Integral Logistics Management — Operations Management and Supply Chain Management Within and Across Companies

14.3.1b Operations-Oriented Finite Loading — Example and Evaluation

Intended learning outcomes: Explain an example of operations-oriented finite loading. Present an evaluation of the technique. Identify its limitations and typical areas of application.

Continuation from previous subsection (14.3.1)

Figure shows the result of operations-oriented finite loading using the orders in Figure, specifically P1, . . . , P6, and the same work centers, namely, work center A and work center B. Priorities were assigned in ascending order of order ID. Again, “preload” represents operations for orders that were loaded before orders P1, . . . , P6.

Fig.       Example of operations-oriented finite loading.

In contrast to the load profile in Figure, in finite loading we display the loads rotated 90° toward the time axis, whereby the height of the bar is equal for all work centers. The period length is then standardized at 100% capacity over the time period. This technique is possible because the load does not usually exceed capacity. We can then enter a number of work centers along the vertical axis. Utilization of the entire system is evident at a glance.

Evaluation of the technique: The following prerequisites must be met to use this technique:

  • Capacities and loads must be sufficiently reliable, that is, the planning data and reported work progress must “tally.” Other­wise, errors can accumulate very rapidly in the calculated dates.
  • Due dates must be sufficiently flexible: We set the completion date for an order randomly on the basis of the existing utilization of production capacity. Lead times can be considerably longer than originally planned, however.
  • It must be possible to limit the optimization of set-up times to the operations within a given period.

This creates the following limitations:

  • The further we plan into the future, the smaller our chances that the planning forecasts will prove correct, if only due to unforeseen breakdowns or incorrect load specifications. For this reason, the technique is only sufficiently exact for short planning horizons, and it must be repeated at regular intervals. To be able to work to schedule in subsequent periods, any scheduled operations must be completed during this period. The technique does not allow reactive replanning locally.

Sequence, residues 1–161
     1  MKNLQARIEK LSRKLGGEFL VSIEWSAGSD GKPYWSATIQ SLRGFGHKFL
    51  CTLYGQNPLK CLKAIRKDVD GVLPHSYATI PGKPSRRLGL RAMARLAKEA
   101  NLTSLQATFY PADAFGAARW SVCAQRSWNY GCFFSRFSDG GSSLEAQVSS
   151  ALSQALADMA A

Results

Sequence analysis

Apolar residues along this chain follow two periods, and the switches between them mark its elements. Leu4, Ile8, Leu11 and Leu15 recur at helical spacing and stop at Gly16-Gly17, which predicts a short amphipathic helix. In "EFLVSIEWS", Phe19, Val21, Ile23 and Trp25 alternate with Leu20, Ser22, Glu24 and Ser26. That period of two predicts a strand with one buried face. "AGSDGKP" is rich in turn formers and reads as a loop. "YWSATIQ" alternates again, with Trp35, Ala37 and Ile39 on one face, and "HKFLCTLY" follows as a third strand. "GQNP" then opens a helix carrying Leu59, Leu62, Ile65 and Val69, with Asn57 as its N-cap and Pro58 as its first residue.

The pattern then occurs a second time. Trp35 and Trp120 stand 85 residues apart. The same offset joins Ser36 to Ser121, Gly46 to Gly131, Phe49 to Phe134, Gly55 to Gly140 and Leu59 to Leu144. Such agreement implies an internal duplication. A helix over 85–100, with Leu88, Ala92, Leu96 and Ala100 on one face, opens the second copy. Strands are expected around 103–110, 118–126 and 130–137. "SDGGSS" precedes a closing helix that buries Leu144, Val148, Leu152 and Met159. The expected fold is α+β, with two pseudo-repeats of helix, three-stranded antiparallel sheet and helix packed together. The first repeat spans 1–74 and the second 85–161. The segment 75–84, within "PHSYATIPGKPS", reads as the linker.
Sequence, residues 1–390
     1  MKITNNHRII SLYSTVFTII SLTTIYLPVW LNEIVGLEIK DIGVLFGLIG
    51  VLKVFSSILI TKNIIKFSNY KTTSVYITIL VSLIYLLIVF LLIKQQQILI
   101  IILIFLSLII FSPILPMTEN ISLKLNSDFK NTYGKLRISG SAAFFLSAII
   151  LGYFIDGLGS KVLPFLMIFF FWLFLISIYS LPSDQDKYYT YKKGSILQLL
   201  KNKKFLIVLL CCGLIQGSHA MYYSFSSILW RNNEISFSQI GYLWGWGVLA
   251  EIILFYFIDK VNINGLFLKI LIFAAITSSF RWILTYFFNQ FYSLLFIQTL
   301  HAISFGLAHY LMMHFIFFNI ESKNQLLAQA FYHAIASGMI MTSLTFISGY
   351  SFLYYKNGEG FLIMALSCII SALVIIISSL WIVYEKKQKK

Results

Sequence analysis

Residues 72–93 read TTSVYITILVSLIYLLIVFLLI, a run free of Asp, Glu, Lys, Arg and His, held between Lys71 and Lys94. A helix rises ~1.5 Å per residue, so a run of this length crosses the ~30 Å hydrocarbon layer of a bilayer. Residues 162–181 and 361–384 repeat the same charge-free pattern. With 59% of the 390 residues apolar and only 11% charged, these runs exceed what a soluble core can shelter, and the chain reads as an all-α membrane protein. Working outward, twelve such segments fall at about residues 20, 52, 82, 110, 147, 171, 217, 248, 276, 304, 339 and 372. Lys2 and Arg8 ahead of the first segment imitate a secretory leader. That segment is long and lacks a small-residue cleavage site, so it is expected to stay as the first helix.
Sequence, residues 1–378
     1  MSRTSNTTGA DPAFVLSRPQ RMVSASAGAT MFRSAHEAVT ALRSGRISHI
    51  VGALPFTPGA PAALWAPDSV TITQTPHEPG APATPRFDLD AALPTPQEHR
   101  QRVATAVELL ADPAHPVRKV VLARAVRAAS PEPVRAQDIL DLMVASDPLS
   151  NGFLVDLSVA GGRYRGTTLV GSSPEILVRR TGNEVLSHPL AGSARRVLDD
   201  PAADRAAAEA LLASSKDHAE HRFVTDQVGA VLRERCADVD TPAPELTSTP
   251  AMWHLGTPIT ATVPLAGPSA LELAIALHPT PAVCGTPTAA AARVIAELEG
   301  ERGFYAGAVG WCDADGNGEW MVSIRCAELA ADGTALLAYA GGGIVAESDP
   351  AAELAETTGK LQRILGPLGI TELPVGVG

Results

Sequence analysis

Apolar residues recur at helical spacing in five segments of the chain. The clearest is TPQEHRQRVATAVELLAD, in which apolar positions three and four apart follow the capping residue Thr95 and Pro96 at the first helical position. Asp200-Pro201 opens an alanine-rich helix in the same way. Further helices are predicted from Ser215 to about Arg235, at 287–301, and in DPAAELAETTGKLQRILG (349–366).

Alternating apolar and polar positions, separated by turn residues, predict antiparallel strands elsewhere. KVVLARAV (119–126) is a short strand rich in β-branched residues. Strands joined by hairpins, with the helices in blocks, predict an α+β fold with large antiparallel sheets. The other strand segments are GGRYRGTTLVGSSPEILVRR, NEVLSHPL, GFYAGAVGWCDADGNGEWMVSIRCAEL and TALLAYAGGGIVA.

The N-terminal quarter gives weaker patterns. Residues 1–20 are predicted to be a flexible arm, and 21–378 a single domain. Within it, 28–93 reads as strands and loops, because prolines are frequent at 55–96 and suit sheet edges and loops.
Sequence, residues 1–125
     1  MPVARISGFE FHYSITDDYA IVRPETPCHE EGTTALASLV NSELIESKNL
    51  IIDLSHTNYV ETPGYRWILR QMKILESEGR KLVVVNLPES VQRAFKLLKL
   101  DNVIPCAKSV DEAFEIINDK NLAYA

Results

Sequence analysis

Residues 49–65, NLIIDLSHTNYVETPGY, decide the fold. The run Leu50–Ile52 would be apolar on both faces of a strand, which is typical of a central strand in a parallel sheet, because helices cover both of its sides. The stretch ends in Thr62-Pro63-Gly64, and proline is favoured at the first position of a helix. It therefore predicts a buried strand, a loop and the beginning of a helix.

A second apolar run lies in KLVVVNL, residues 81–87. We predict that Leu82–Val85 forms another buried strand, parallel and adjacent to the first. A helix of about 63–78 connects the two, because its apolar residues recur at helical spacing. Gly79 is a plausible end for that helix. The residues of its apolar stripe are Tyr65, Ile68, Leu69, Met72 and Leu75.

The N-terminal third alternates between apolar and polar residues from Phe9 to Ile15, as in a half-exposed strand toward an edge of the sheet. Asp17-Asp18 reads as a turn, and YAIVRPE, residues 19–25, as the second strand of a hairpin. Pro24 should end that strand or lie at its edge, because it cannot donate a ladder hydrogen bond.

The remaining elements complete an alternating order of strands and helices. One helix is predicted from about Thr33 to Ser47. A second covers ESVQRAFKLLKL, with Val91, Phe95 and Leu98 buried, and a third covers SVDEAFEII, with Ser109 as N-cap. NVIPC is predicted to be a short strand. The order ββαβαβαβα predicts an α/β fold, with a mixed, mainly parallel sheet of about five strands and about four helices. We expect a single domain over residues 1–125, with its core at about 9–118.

• The level of goods in process is of secondary importance, both financially and with respect to volume. The planner monitors and adjusts the queues upstream of the work centers. Capacity is relatively inflexible, however, so orders must be held back, i.e., not released in good time. With long lead times in particular, however, order release can occur at the first identification of a bottleneck. This will physically hold up the production plant. Choosing a “neutral” priority rule will distribute the delay more or less evenly among all the orders.

The following are the typical areas of application:

  • For batch production over a long period or in a monopoly situation; that is, in a seller’s market. In such cases the date of delivery, for example, to the end products store or to the customer, is less important. Some typical industries that belong here today are the chemical and food processing industries and niche capital goods markets.
  • The operations-oriented finite loading technique simulates a situation that may arise in job shop or even line production. The operations for an order are executed in a more or less random order, in competition with other such orders. For execution and control of operations, this type of planning provides a process simulation for the coming days and weeks; that is, an actual working program for the shop floor.

Course section 14.3: Subsections and their intended learning outcomes